Tourism and Hospitality Industry Minister, Barbara Rwodzi, has said the recent toll fee hike harms domestic tourism.
This comes after the Government early this month increased toll fees by up to 100% on some roads.
Rwodzi told journalists on Friday last week that her Ministry engaged the Ministry of Transport and Infrastructural Development on the possibility of lowering the toll fees as they make travelling by roads expensive. She said (via NewsDay):
We think toll fees will affect domestic tourism, we were not in support of the move. However, we negotiated for the fees to be reduced.
When people are travelling they should not have headaches. For example, there might be five to six tollgates for someone driving from Harare to Victoria Falls and that is a substantial amount put aside by a motorist.
Rwodzi said the rehabilitation of the Bulawayo-Victoria Falls Highway, which is in poor condition, should be prioritised. She said:
As the tourism ministry, we want to ensure that these roads get fixed and accessed and we are very hopeful that the Bulawayo-Victoria Falls Highway will be fixed and we will be making a lot of noise about it because upgrading our roads will make accessibility better.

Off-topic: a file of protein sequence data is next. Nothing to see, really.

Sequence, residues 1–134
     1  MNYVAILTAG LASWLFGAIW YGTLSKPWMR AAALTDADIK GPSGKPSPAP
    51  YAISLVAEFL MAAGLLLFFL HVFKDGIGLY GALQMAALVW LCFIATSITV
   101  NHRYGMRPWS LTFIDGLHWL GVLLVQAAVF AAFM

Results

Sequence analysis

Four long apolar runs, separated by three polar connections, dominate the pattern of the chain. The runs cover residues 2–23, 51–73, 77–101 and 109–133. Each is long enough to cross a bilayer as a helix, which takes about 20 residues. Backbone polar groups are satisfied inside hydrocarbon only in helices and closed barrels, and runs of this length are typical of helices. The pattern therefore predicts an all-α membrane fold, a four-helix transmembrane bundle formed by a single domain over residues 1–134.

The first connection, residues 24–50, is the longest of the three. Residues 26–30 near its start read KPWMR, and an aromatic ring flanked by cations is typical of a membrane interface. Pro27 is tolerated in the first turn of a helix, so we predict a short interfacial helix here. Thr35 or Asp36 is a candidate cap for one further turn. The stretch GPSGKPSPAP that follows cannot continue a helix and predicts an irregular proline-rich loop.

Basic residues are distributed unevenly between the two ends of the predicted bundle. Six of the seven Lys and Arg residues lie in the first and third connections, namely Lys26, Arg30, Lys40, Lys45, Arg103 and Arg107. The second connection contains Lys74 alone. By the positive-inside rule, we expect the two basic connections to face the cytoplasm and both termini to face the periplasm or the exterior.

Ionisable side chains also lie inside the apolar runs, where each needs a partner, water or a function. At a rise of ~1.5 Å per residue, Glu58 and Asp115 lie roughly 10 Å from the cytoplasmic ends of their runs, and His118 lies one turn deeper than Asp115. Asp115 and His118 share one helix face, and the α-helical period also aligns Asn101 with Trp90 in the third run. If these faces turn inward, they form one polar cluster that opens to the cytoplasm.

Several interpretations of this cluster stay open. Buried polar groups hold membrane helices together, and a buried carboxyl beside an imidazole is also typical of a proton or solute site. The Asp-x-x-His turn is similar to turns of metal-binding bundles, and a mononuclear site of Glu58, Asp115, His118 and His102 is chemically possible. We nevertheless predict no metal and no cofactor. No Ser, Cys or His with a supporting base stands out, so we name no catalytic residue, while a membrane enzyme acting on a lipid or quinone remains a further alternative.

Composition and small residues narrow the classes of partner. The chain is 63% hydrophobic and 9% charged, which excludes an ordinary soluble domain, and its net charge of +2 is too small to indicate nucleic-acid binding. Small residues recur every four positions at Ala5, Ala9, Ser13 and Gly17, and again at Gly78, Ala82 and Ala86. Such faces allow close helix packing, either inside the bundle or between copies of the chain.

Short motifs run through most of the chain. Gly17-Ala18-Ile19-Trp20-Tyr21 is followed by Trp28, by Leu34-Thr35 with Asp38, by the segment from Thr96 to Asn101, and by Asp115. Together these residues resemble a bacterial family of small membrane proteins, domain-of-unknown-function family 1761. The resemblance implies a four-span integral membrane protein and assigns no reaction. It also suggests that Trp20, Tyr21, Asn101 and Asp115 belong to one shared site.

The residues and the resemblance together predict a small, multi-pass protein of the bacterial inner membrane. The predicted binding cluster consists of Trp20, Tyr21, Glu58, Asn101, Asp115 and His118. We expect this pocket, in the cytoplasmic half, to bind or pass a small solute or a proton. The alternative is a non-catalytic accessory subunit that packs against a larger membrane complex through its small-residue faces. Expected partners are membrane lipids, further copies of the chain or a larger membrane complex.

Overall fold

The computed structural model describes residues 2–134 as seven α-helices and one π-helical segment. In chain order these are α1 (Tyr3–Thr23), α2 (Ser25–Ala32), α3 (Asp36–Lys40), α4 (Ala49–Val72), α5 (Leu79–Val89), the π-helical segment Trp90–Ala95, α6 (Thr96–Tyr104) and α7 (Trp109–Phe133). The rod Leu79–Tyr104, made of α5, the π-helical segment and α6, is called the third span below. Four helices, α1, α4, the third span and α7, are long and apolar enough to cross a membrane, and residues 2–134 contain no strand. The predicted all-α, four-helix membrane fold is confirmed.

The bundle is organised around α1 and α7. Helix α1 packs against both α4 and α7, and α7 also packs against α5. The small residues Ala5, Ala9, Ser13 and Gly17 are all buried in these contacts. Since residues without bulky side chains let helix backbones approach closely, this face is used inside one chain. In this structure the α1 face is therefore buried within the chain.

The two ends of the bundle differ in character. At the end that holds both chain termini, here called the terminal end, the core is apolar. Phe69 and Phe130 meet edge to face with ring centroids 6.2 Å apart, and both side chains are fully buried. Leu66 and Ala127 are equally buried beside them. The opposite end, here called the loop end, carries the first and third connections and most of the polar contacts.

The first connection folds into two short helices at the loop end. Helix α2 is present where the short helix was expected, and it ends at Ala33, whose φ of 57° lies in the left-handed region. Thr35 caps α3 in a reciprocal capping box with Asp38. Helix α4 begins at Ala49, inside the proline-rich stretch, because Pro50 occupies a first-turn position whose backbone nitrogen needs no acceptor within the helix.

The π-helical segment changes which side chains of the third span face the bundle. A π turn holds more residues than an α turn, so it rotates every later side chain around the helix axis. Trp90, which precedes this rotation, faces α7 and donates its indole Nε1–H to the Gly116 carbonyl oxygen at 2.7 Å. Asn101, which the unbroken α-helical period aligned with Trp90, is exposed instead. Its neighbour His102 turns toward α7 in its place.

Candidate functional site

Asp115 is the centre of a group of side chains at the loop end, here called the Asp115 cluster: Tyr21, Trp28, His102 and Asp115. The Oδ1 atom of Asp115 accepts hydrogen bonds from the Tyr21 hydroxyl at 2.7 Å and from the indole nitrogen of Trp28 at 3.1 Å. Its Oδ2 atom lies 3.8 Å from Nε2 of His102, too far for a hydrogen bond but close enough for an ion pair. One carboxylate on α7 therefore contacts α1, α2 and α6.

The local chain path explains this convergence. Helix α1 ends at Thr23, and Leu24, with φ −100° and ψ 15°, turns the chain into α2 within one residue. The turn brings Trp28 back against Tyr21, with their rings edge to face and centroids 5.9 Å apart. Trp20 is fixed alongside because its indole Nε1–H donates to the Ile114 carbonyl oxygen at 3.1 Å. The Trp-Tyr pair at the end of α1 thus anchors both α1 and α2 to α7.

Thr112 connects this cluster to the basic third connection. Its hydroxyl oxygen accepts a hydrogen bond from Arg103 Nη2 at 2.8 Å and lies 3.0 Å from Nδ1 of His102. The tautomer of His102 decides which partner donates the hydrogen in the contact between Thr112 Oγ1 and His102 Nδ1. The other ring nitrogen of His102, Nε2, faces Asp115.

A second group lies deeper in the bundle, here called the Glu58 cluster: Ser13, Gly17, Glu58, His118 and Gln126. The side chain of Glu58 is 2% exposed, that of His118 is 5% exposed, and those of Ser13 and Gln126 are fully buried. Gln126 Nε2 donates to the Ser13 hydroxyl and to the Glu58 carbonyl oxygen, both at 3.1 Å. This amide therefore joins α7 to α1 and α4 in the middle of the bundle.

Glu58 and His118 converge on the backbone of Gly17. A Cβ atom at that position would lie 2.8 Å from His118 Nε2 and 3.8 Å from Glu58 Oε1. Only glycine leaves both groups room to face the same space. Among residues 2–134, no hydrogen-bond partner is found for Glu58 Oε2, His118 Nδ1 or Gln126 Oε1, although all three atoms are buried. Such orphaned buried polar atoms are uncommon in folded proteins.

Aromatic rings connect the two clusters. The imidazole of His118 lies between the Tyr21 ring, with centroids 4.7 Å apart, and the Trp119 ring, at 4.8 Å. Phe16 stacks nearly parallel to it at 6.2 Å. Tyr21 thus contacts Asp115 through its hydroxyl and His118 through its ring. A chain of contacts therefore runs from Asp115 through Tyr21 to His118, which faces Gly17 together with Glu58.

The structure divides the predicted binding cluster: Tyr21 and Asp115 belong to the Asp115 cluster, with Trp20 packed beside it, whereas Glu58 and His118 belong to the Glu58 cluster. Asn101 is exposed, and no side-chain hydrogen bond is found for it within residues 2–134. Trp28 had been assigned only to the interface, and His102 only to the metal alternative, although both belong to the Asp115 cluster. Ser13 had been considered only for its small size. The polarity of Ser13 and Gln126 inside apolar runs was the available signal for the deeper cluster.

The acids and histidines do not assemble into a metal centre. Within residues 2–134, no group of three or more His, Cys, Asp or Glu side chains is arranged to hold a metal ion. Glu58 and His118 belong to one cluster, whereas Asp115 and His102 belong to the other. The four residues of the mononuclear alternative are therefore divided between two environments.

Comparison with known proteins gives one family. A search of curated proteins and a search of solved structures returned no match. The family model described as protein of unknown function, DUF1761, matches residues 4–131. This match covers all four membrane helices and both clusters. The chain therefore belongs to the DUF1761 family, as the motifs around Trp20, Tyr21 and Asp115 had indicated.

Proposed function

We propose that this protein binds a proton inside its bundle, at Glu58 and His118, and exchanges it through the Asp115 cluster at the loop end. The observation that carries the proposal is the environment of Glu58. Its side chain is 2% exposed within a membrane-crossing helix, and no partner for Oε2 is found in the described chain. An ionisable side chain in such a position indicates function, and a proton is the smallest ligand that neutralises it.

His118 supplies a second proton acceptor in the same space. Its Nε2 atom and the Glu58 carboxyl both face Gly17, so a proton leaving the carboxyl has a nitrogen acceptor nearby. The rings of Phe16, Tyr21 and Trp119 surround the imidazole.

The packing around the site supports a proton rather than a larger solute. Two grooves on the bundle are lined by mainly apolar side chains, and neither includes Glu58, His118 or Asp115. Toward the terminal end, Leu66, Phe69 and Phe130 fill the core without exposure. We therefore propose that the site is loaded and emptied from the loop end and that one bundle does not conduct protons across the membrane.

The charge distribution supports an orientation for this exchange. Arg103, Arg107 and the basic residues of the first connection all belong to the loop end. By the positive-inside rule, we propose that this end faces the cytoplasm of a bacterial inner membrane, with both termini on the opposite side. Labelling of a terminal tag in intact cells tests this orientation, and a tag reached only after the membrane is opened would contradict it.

The Zimbabwe National Roads Administration (ZINARA), which collects the toll fees, defended the hike. It said:
The new fees have been carefully considered to balance the need for accelerated road infrastructure rehabilitation funding, which has over the past three years been funded largely through Treasury.
These revised fees are part of a broader strategy to enhance capacity for ongoing road rehabilitation and routine maintenance.
Toll fees on the Harare-Beitbridge and Plumtree-Mutare highways were increased to US$4 for light motor vehicles up from US$2.
Minibuses pay US$6 from US$3, buses US$8 from US$4, heavy vehicles US$10 from US$5, and haulage trucks US$20 from US$10.
On other roads, toll fees were increased by 50%.
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